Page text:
The remainder of the speakers endorsed Cardinal Bea’s schema. One speaker made a point that many had been thinking privately: a brotherly document toward the Jews might salvage the reputation of Pius XII’s wartime record. In 1963 a play entitled The Deputy was gaining considerable attention for its portrayal of Pius XII’s alleged insensitivity toward Nazi crimes against the Jews. (There is a massive volume of research on this point that continues to be published to the present day.) In 1964, however, the Cardinal Bea schema, which would be voted upon later after another rewrite, is one of the key theological and pastoral statements to come from the Council.
Session Three of the Council Vatican II took place in the fall of 1964. I had hoped to add a second eyewitness source from the Council periti or theological counselors for our retrospective here, but I inadvertently left Hans Kung’s autobiography at the school where I was working last week, 40 miles from home. I was looking for a second source because my primary one, Xavier Rynne, is beginning to show some battle fatigue as we march into the third round. In fact, he begins this section of his book with a summary of the session before, and he sounds tired and discouraged.
Looking at the numbers, the third session accomplished more work than the previous two combined. The Council took up fourteen schemas in 1964, compared to eight in the previous two years, including the promulgation of de ecclesia, The Church, which had bedeviled the fathers to no end in previous efforts. Rynne observes, however, that the “mood” of the Council, in the sense that anyone can accurately gauge such things, by the end of the third session was sour. World press began to look to the personality of Pope Paul. John XXIII had been something of a cheerful, riverboat gambler, pardon the vernacular. Paul, by contrast, was more intelligent, introverted, diplomatic, and something of a worrier. The force of John’s personality had initiated the Council and energized it through its early, dangerous days. Paul, on the other hand, realized that he would be responsible for the implementation of the Council policies, a sober (and prescient) thought.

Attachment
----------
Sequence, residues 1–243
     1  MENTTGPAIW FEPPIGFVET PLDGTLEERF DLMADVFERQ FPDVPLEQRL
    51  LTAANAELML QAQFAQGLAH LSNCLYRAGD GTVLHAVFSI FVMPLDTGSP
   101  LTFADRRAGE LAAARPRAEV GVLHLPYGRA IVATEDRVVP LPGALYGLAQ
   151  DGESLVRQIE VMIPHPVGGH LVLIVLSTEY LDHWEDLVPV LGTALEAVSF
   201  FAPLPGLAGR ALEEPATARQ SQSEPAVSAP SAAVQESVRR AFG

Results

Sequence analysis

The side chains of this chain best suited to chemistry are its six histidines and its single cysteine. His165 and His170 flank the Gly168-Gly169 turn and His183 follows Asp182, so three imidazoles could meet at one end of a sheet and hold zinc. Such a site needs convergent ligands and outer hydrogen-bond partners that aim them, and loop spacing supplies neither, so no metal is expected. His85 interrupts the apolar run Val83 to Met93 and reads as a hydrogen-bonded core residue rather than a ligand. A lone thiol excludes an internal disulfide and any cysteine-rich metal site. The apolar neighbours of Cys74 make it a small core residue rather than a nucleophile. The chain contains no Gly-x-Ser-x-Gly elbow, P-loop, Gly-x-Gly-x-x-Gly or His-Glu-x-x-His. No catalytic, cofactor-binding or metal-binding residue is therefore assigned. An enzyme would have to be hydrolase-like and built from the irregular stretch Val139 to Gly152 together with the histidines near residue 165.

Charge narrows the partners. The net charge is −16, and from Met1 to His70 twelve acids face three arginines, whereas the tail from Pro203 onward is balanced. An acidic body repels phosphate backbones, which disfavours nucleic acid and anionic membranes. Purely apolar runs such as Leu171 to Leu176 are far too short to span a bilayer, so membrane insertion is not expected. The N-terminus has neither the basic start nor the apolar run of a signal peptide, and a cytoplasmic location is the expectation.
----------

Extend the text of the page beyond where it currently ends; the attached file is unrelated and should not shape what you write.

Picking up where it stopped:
In terms of the pontiff’s policies, Rynne reports that a number of observers wondered about Pope Paul’s comfort with the Council’s heavy emphasis upon the power of the college of bishops, or collegiality. If the pope has power, and the bishops have collective and even individual power, was the Church heading back to the Age of Conciliarism, that period when multiple men claimed the throne of Peter. This schism was eventually ended by the Council of Constance (1414-1418), which declared that a General Church Council was superior to the pope. This declaration lost force soon afterward. It goes without saying that legitimate popes after Constance convoked Councils only under dire circumstances (for example, the Reformation, and in that case years too late.) Pope Paul favored progress—he would visit the United States to address the United Nations, “No More War!”—but he believed in the primacy of a strong papacy and the need to balance Church reforms with respect for his office. This was one of his concerns in the birth control encyclical, Humanae Vitae, in 1968; he did not wish to sanction a change in a moral teaching that his predecessors had upheld.